That means that if your family likes to watch digital editions of movies, yeah, you’re probably going to have to join the UltraViolet universe. If UltraViolet ends up replacing physical media (such as Blu-ray and DVD), we’re all going to have to do that.


Does UltraViolet Offer Any Parental Protections?

According to the FAQ on UltraViolet Demystified the short answer is, Yes.

“Each UltraViolet user has parental control information. Parents can set the maximum rating level for their children (and perhaps the children’s grandparents), which limits what the children can purchase, what they can see when they view the digital library, and what they can stream. Parents can also set parental control on their UltraViolet players, which will restrict playback of UltraViolet movies with ratings that exceed the settings.”


Where Can I Learn More?

Check out the official UltraViolet website at, and the UltraViolet Demystified website at


Have a pop culture question for Trends & Truths? Email it to!


Mike Nappa is a bestselling author, a noted commentator on pop culture, and founder of the website for parents,

Ministering During Vacation Bible School by Jessie Weaver


Is it VBS time at your church? We had our Vacation Bible School early this year, starting on June 3rd. Sadly, I got strep throat in the middle of VBS week and missed two nights of teaching my little first-graders. (And am praying I didn’t infect any of them when I was there!)

While I was teaching, though, I had a wonderful time. I loved LifeWay’s theme this year of Amazing Wonders Aviation. For me, it’s not that hard to work VBS, though. Our church’s is at night, so I left my kids at home with daddy to go. I am a stay-at-home mom, so I have time during the day to work on preparations. Not every volunteer has those privileges!

I’m sure you realize that the busiest individual during Vacation Bible School is probably your children’s minister or VBS director. Our lovely minister – a good friend as well – has two preschoolers AND her husband was in Africa during VBS!!

I try to make it a priority during VBS week to cook her family a quick dinner they can heat up. Feeding people is kind of my "spiritual gift"; it may not be yours. How else could you minister to a busy director or volunteer during VBS?

  • I have to reiterate that preparing a dinner can be such a blessing! Here are some ideas for my favorite go-to meals and some tips. If you don’t cook, even picking up dinner from Subway could help!
  • Offer to watch children for a few hours so the individual can get some rest, have some quiet time, or simply work undisturbed for a bit.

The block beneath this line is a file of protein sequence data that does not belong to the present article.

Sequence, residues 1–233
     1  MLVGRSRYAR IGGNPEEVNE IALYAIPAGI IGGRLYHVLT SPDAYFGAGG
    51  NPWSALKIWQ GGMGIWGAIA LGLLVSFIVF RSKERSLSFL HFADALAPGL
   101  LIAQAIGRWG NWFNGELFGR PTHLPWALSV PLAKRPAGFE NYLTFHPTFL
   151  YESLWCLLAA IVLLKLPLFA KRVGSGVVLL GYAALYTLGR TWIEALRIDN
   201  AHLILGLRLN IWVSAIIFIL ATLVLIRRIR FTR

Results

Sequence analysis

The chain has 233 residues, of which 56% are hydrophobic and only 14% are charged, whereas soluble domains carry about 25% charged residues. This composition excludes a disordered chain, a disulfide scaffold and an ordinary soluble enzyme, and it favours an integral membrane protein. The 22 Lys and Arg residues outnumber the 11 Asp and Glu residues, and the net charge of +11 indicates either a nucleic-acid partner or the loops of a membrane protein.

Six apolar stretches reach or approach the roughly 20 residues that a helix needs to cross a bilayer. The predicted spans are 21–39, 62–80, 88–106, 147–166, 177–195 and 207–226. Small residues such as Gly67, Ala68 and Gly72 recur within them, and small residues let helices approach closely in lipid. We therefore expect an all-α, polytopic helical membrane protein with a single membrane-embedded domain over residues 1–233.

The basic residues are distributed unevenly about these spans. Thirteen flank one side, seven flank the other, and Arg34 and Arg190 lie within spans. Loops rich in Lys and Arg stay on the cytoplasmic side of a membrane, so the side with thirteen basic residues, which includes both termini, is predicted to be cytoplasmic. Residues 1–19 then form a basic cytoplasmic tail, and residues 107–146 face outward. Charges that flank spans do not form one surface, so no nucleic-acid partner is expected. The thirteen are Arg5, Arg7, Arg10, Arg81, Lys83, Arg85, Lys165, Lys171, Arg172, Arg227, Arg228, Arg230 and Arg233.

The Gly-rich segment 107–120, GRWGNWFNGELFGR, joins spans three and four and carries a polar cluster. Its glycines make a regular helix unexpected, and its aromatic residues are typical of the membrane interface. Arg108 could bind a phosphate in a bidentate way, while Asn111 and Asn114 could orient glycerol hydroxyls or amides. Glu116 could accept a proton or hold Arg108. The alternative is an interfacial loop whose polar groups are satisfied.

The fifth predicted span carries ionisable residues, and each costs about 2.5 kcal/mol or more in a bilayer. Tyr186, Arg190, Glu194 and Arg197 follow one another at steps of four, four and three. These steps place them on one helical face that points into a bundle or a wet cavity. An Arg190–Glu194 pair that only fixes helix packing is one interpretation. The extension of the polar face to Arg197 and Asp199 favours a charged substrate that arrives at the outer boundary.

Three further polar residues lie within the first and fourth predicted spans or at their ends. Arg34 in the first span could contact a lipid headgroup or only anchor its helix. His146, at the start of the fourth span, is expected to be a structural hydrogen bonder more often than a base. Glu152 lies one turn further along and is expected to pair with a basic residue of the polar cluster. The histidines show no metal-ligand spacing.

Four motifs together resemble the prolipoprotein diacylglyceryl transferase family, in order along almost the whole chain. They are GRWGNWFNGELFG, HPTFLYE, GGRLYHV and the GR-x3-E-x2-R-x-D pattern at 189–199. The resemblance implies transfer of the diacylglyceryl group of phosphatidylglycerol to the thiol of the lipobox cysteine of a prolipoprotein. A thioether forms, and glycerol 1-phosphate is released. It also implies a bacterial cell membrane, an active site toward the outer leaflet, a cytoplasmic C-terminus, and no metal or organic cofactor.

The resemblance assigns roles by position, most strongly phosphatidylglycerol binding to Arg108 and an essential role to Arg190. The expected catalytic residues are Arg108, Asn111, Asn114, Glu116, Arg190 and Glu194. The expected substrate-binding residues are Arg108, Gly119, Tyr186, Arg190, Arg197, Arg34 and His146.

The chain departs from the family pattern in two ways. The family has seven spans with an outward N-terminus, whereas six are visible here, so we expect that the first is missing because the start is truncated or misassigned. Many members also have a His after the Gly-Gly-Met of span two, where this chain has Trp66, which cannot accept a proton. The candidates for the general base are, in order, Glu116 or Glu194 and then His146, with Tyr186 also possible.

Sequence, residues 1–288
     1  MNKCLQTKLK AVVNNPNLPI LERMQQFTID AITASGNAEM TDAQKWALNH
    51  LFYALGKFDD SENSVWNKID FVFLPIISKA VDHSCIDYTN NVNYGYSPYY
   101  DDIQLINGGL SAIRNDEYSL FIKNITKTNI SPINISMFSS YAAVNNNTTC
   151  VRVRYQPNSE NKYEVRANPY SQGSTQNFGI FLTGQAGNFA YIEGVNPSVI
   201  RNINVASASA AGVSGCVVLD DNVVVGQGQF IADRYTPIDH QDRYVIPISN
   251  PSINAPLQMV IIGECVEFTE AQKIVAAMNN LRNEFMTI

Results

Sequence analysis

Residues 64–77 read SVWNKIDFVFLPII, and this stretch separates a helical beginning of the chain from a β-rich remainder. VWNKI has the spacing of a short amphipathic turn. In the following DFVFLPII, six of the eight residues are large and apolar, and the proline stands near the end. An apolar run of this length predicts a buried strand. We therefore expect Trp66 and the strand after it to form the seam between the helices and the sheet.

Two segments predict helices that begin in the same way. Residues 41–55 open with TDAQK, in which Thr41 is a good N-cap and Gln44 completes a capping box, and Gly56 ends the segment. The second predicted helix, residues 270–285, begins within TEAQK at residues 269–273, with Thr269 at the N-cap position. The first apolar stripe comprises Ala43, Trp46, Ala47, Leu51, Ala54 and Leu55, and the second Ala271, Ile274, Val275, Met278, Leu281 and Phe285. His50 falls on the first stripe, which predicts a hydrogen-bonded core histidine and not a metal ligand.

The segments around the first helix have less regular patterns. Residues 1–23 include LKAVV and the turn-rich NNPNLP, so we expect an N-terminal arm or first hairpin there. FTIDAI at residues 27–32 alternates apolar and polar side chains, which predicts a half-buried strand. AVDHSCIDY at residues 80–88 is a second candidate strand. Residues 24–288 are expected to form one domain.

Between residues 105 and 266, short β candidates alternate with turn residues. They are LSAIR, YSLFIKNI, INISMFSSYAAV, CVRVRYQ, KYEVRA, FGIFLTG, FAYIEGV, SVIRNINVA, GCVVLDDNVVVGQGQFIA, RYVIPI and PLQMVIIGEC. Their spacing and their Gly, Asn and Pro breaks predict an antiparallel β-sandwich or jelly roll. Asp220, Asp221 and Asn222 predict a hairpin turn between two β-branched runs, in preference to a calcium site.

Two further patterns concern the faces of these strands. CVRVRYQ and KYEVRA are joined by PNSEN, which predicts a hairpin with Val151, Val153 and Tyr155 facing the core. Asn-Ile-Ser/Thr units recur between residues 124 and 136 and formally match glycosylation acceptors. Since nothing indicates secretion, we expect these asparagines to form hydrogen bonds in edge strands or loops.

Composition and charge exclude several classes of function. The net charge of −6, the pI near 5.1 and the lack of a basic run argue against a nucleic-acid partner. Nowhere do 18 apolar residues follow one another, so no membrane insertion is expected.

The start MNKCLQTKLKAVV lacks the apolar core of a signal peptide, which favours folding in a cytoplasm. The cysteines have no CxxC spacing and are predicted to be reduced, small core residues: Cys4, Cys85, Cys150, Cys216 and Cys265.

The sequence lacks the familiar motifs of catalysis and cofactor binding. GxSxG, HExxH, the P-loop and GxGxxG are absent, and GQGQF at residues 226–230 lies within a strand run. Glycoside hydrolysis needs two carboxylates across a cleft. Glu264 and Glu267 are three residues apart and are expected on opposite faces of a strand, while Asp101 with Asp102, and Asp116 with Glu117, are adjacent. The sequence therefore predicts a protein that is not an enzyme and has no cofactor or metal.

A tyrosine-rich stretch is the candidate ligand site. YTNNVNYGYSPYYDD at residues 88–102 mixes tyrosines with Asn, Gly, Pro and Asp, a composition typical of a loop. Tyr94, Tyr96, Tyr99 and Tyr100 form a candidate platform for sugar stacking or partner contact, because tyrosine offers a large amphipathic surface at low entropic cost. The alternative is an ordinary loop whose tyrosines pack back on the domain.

• Help make last-minute trips to the Christian bookstore or warehouse store.
  • Give her a gift certificate for a post-VBS pedicure or him tickets to the movies.
  • Pray vigilently for your VBS, directors, ministers, and the children attending.

And if your VBS has already happened, too? File away ideas for next year, your next big event, or an everyday surprise. Our ministers work hard! They need spoiled every once in a while.


SNV32999 copy.jpgWhen Jessie Weaver is not busy being the resident ParentLife Blogger, she writes at Vanderbilt Wife and also for magazines like HomeLife and ParentLife. She lives in Chattanooga with her husband, where they run after two little ones: Libbie (3) and David (1).

Friday Links 6/15


Did you read or write something you’d like our readers to see? Leave a link in the comments, on our Facebook page, or send us a Tweet!

Added to Saturday Linky Love at Vanderbilt Wife.


June 2012



PL June issue


Want a few good reasons to pick up the print issue of our June issue? Here they are!

  • Learn about new SIDS guidelines as well as other sleep safety issues.
  • Get to know Jason Crabb of The Crabb Brothers: about his wife, their miscarriages, and the lessons they’ve learned in "Through the Fire" (pp. 20-23).
  • See what Mike Nappa, our Trends and Truth columnist, has to say about the TV show So You Think You Can Dance?
  • Learn about adding to your family through adoption from Abbey Land. Abbey and husband Jeff are now the parents to four sons who came to them through international adoption.
  • Read about Father’s Day for the single mom and single dad.
  • Contemplate whether summer camp is the right choice for your child.
  • And much, much more! 

What articles would you like to see in future issues of ParentLife?